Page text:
Letters to the Editor: October 24

Why wait for a child to die?

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October 24, 2005 03:17
letters to the editor 88

letters to the editor 88. (photo credit: )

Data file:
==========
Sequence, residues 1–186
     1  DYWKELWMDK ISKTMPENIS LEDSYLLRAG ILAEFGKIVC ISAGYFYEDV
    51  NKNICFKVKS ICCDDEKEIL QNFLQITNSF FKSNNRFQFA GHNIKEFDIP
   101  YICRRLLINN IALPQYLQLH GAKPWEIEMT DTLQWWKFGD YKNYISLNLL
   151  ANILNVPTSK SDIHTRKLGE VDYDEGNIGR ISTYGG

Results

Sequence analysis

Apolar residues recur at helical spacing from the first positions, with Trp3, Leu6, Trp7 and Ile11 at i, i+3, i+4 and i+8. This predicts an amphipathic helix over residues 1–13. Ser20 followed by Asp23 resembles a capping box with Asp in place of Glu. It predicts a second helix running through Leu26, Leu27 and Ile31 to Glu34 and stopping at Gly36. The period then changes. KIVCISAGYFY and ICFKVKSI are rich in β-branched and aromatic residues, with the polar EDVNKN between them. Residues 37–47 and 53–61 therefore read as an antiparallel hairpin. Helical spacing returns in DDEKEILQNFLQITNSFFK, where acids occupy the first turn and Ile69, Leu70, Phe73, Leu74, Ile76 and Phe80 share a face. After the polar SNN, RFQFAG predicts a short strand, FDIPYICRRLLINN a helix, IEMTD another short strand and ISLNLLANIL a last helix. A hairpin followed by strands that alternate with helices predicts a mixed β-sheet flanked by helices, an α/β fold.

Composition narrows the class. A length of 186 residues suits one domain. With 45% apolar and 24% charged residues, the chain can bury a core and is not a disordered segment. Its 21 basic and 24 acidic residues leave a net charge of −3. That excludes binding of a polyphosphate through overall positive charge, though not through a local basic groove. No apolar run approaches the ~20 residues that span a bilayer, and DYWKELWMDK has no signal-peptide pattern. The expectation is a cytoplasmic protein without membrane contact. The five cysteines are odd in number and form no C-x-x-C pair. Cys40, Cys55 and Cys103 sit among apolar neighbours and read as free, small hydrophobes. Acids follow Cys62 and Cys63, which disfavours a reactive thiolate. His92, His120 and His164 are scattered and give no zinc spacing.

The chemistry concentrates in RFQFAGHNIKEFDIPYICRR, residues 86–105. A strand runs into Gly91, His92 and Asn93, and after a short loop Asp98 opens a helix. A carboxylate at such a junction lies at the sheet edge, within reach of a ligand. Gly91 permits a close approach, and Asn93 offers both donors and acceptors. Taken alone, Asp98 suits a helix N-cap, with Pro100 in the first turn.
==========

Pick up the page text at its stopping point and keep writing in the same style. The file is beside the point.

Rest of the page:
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Why wait for a child to die? Sir, - Your newspaper has over the years reported numerous dog attacks, especially on children ("Pit bull attacks toddler," October 23). I recently wrote to the ministers of Interior and Justice about the fact that 99.9% of local authority heads do nothing to enforce the bye-laws requiring at least a muzzle and leash on dogs in public areas. I received no reply. The police seem unaware of the laws regarding dogs and the veterinary services are passive, becoming involved only after a disaster. The 0.01% is for Ramat Gan's Zvi Bar - the only mayor, as far as I am aware, who is not waiting for the tragic death of a child before taking action. He has inspectors on the streets enforcing the law. DAVID GOSHEN, Kiryat Ono Fatah's link... Sir, - "Erekat: [Hamas] joining elections will lead to disarmament" (October 21) is an interesting statement given that Saeb Erekat's own Fatah party not only recognizes but funds the Brigades of Martyr Yasser Arafat, formerly the Aksa Martyrs Brigades. NOAH M. CAPLAN, Jerusalem ...to terror Sir, - Goal: "Complete liberation of Palestine, and eradication of Zionist economic, political, military and cultural existence." What part of this quote taken from the Fatah Constitution do those who demand Israel cede more land and lift restrictions on Palestinians not understand? SANDER PORITZKY, Weston, Florida Sir, - Brevity is a virtue, so I will just cite the title of Daoud Kuttab's last column - "Stop idolizing death" (October 10) - and follow it with your October 23, page headline: "Palestinian [mother] hides grenade in baby's shirt" while the infant was wearing it. MIRIAM AMGAD, Jerusalem It's Zionism, stupid Sir, - Nothing alienates people like me, who would like to find sympathetic aspects in Israel's situation, more than columns like Michael Freund's "Forgotten at the White House" (October 19). When he writes that more than 50 Americans have been killed by Palestinian terrorists since Oslo he attempts to fan American anger at the Palestinians, ignoring the fact that these Americans were killed only because they happened to be caught up in the middle of the Palestinian-Israeli conflict. Freund seems to think Israel had nothing to do with the onset or continuation of this conflict. The Palestinians share in the responsibility for the conflict. But if the Zionist movement to Palestine had never taken place there would never have been a Palestinian-Israeli conflict. Instead the Palestinians would be peaceably enjoying the land, of which they had been the basic inhabitants for centuries, from the coast to the Jordan river, in pleasant, deep and richly-deserved quiet, and no one would be criticizing them about anything. JAMES ADLER, Cambridge, Massachusetts About merging Masorti & Reform... Sir, - In "Merge the movements" (October 20) Rabbi David Forman repeats the argument I have heard from my Reform colleagues ever since my aliya 32 years ago: that the Masorti movement should merge with Reform in Israel since there is "little difference in substance" between them here. After describing our different approaches to Halacha in which he candidly admits that Reform is "unbound by the restrictions of Halacha," he states that the Masorti claim concerning the binding nature of Jewish Law is "merely nit-picking." If so, what constitutes a serious matter? Certainly Reform in Israel is more traditional than Reform in America, where virtually anything goes, but it is far from following the standards of the Rabbinical Assembly and Masorti Judaism in divorce, kashrut and Shabbat. Does Rabbi Forman seriously believe we could countenance the type of Sabbath activities Reform sponsors at Beit Shmuel; or the performance of marriages where there has been no halachically authentic Jewish divorce? Could Masorti merge with a movement affiliated with the worldwide Reform movement, where there are intermarriages and conversions without mikve? Yes, we hold much in common. We are all part of the Jewish people, heirs to Jewish tradition. But Masorti also has much in common with modern Orthodoxy. And the difference between the service in Moreshet Avraham, the Masorti synagogue to which I belong, and those of a modern Orthodox synagogue here is much less than between us and any Israeli Reform synagogue. I mean no disrespect to Reform. If it is willing to declare that it is bound by Jewish Law, will observe it as defined by the Rabbinical Assembly and divorce itself from the worldwide Reform movement, we will be happy to have it join the Masorti movement. Until then we will simply have to learn to live with today's reality - the pluralistic world of Judaism. REUVEN HAMMER Jerusalem ...a utopian ideal Sir, - If only David Forman's idealism could be acted upon! But as one who knows both movements intimately, it is completely utopian. What is first needed is for each movement to become more effective in its own right. And for that each needs to clearly understand and accept the line of demarcation between them. Reform, being the older and bolder of the two movements, is always the one insisting that Conservative consolidate back into Reform, forgetting the very fact that he mentions in his article - to wit, the halachic seriousness that Conservative Judaism maintains and the stubbornness that automatically brings with it. Both movements are, broadly speaking, "progressive." One is "halachic" the other "aggadic" (non-halachic); both are rejected by Orthodoxy. But calls for consolidation that are not feasible do not add to the mutuality of respect and pluralism that Jews of different views and levels of practice should be aspiring to. Perhaps, out of true mutual respect and acknowledgment of differences and recognition of limitations, needless duplication and draining of resources could be avoided. Rather than compete against each other, it might be wise for the two movements to negotiate the pulpit turf on the ground. But a merger which ran roughshod over the fundamental, qualitative difference between the two movements would simply be a loss for the world Jewish people. The truth is we are better off with two alternatives that, hopefully, will prove themselves up to the challenge of providing truly inspiring religious alternatives to the challenges presented by resurgent fundamentalist orthodoxies; for the majority of world Jewry will continue to find the latter fatally flawed. RABBI DAVID HOFFMAN, Cape Town Sir, - Rabbi Forman writes: "Unbound by the restrictions of Halacha, Reform Jews feel free to adapt Judaism so that it can confront natural wonders, scientific advancements, historical developments and the sociological machinations of a rapidly changing world." His juxtaposition of being "unbound" by Halacha and the ability to "confront" new ideas and "adapt" struck me. Precisely the opposite seems true since to confront difficult issues seriously, a rigorous system of analysis is mandatory. The halachic system of Orthodoxy provides this, which is why Orthodoxy can effectively confront new ideas and adapt within the halachic framework. By contrast, Rabbi Forman admits to having no rigorous objective standard. Consequently, his claim that Reform Judaism adapts freely to new ideas is incorrect. It would be more accurate to say it adopts modern ideas rather than adapting to them and avoids the challenging confrontation with modernity Rabbi Forman ostensibly desires. Being unbound by Halacha does provide a certain intellectual freedom. The question is: Is it a Jewish intellectual freedom? ROBERT KLEIN, Beersheba Sir, - You know why there is hardly any Reform or Conservative in Israel? Because people in Israel are real. They may keep or not keep mitzvot, but they don't buy into all this nonsense of modifying Judaism into what's more convenient - while in America they are fake, afraid to be Jewish, and that's why their Judaism is fake. In the Orthodox world rabbis decide according to God's laws; in Reform and Conservative those who give more money to their temple tell their rabbi what's kosher and what's not. I grew up in the Soviet Union deprived of any Yiddishkeit. I found it only at the age of 27, and only thanks to the Orthodox world. I would never have found it in "reformed" Judaism. TANYA FLIG, Los Angeles Sir, - One can only shake one's head in disbelief at Rabbi Forman's blindness to a truth he himself alludes to - that the movements have little to offer their members, and that is why they "vote with their feet" and leave. More soul-searching and a hard look at Orthodoxy's success are the only ways these movements will ever succeed. ARI WEITZNER, New York Be safe, not sorry Sir, - There is not enough publicity about the need for all men over the age of 45 to have an annual PSA blood test. There are no symptoms for prostate cancer and the test can often detect it in the early stages, making it curable. I had my prostate removed eight years ago and thought, wrongly, that I had nothing to worry about. The PSA blood test proved otherwise; but the prognosis is excellent due to early detection. MEL COHEN, Ra'anana Troublemaker Sir, - Eyal Berkovic is undoubtedly one of the best football players Israel has ever had. However, his arrogance and big mouth exceed his talent, doubtless to the hindrance of his career ("Berkovic" Let me coach the national soccer team," October 23). In my opinion Avraham Grant did a great job with our national team. We should not forget that had we not gotten an offside goal against us in the last minute in the home game against Switzerland (Dutch referee: Van Egmond) we would have made it to second place at least. Berkovic came back to Israel to finish his career here - and that's all he should do. His attitude in the field is disgusting at times. As a Maccabi Haifa fan I was delighted that he decided to go to Maccabi Tel Aviv. Who needs a troublemaker like him? MIRIAM NATHANS, Rishon Lezion